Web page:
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Baghdad 1987, Latif Yahia (Dominic Cooper) is taken to see his former schoolmate Uday (also played by Cooper), eldest son to Saddam Hussein. Latif is told that a great honour had been bestowed upon him: because of the great likeness between them, he has been chosen to be Uday’s ‘fiday’ – his body double. Trapped, tortured and fearful for the safety of his family Latif has no choice but to comply.

A chilling vision of the House of Saddam Hussein comes to life as Latif is forced to become part of Uday’s world, witness to the horror of his insane life of debauchery, excess and brutality. A world entrenched in betrayal and corruption and an experience for which he almost pays with his life on more than one occasion. ‘The Devil’s Double’ is set for release July 29th in the US, and August 12th in the UK. Check out what Dominic Cooper had to say about the film below.

How did you get involved with this project?

Dominic Cooper: It happens very rarely that your ears prick up about a certain project. I was just immediently drawn to it, I was determined to see it number one. Then I heard it might not be happening, everything wasn’t in place yet – but I really chased it, just because I instinctively thought it was a very exciting subject matter, one which we all know a little bit about, it’s very much in the recent past, but we don’t know enough about it. That intrigued me. I could instantly visualise it as a film. I thought it would be a huge challenge and a risk.

Did you know much about Uday Hussain before you read the script? What was it like playing someone like that?

Dominic Cooper: I have a very vague memory of him being around. I remember him being mentioned, I was aware Saddam had a son who was kind of even more brutal than himself. It was always this impending doom that maybe this man would take over Saddam’s regime. But beyond that I knew very little about him. I think that it’s quite dangerous for us to ever think that we are doing a biopic, we don’t know enough about him, what we do know is through word of mouth. We don’t know who exactly this person was, we have an idea of some of the things he got up to.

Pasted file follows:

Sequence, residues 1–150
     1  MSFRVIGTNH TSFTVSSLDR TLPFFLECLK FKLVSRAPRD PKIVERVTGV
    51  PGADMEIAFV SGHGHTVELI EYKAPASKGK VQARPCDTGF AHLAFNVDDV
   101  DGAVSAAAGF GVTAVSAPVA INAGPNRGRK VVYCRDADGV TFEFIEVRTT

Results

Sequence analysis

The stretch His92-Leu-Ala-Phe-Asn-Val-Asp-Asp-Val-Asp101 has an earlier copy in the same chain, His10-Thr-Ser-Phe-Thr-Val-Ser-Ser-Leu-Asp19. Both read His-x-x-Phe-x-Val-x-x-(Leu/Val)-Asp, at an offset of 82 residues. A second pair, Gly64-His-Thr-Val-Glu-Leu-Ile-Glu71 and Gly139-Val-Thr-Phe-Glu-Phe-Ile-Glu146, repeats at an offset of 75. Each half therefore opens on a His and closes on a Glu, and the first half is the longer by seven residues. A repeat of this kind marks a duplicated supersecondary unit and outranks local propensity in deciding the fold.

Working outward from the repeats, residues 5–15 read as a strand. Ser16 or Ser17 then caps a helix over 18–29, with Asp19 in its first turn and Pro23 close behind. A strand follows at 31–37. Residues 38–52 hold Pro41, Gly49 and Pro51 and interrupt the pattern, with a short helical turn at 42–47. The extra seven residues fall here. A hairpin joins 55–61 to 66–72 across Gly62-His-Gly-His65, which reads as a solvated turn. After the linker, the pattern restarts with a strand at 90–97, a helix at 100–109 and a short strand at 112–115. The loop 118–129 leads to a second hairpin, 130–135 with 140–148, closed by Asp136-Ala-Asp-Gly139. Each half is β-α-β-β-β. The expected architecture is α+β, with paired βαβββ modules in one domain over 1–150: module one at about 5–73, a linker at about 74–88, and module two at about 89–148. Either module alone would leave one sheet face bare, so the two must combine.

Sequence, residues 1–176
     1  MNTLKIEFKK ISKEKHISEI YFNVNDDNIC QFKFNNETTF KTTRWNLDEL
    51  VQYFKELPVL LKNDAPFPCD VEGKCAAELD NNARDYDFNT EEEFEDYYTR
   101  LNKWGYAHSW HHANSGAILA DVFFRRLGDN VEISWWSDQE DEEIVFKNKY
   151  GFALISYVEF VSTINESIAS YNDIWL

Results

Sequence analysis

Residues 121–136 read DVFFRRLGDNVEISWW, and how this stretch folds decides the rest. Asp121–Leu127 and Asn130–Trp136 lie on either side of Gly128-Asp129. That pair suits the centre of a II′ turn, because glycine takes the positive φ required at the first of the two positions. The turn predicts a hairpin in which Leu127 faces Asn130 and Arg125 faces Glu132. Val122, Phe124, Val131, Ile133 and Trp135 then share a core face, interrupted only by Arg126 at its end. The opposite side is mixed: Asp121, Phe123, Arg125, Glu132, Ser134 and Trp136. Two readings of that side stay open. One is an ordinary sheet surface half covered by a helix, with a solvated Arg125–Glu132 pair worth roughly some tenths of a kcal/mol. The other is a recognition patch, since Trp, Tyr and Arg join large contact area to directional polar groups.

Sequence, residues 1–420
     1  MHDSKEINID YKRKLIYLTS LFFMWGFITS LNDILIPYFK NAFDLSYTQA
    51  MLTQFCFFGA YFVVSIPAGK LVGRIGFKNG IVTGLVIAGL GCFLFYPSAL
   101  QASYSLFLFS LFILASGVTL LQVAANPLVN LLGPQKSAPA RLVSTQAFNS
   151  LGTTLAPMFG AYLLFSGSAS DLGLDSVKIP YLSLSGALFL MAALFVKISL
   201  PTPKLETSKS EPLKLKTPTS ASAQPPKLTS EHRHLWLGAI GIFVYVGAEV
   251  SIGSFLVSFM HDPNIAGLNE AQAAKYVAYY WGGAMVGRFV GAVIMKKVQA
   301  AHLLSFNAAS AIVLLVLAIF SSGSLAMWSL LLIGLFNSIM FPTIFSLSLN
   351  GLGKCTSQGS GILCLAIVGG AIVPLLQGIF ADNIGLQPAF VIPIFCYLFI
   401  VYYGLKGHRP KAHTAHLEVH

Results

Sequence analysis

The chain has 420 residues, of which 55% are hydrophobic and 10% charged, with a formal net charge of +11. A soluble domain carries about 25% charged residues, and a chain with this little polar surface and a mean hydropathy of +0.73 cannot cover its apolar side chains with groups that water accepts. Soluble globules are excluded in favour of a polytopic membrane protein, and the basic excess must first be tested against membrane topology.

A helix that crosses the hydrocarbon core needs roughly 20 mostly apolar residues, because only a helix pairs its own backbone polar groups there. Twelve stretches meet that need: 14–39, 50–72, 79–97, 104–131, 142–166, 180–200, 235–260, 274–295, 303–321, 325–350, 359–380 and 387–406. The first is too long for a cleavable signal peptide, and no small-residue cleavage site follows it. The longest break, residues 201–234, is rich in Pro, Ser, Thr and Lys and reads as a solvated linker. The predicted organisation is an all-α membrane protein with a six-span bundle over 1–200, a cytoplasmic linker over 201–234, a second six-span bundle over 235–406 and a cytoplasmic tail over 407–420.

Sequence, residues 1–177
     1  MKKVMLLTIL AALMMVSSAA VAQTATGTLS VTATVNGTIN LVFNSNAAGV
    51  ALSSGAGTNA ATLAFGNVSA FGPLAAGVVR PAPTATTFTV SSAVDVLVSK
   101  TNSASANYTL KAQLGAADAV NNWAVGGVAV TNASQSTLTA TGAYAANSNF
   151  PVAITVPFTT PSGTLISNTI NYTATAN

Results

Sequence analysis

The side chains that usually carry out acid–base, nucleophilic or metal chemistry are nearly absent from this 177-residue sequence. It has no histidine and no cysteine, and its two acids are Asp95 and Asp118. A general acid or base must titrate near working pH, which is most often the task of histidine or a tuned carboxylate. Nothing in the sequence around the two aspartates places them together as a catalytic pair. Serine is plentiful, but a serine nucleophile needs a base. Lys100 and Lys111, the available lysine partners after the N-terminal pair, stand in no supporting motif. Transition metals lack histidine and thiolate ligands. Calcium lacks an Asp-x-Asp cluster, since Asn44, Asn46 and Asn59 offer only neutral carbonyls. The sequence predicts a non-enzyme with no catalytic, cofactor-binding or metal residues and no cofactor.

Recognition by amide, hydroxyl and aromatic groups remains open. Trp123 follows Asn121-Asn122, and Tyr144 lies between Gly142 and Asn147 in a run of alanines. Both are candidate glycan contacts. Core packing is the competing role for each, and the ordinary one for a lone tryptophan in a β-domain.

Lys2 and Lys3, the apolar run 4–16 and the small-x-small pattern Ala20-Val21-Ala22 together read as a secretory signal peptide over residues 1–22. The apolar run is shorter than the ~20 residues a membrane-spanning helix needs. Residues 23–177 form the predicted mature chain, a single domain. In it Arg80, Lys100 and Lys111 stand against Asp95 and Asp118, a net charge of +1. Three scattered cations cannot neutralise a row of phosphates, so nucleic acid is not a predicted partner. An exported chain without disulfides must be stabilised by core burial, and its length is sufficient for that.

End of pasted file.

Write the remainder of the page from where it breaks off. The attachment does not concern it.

One of the things I spoke to director Lee Tamahori at length about, which I found very difficult to comprehend, was how you can play a part and not feel any empathy towards a person – I despised the man. There was nothing in him that I could latch onto and like. He’s brutal, I was continually shocked as we were working about his lack of morals. He was a playboy to the extreme, living in a world where he makes up the rules. There’s no authority stopping him. He has limitless funds, he takes endless amounts of drugs, he drives whatever cars he wants, he has access to absolutely anything he wants without anyone telling him to stop.

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For me you done an astounding job in successfully sustaining the illusion of two distinct people…

Dominic Cooper: Thank you! There are little scenes we put in where Latif is practising speeches that he has to go and give to his soldiers. He almost does a better job than Uday. He really transforms, he hates himself for it. I hope these moments come across for people. He finds something within himself to turn into this guy who he despises. I suppose it’s his anger towards being in a situation that he doesn’t want to be in.

How was it playing the dual roles?

Dominic Cooper: Its been really interesting just doing the scenes from both angles, from both points of view, to see how they behave. It was a real learning curve to see how different characters do behave towards one another depending on the hierarchy, how much power and control they have.

Whoever these two people are, I wanted to make them very clearly, very different, as much as possible. It was about finding a certain stillness in Latif, whereas there’s a more manic physicality towards Uday. I worked a lot with our voice coach to find a different vocality for them both. With Latif I could speak to him and talk to him about who he is, I thought it was quite dangerous to reproduce who he was, I wanted to know his back-story, his feelings towards that particular time and what a kind of hellish situation he was forced into. He was a great help.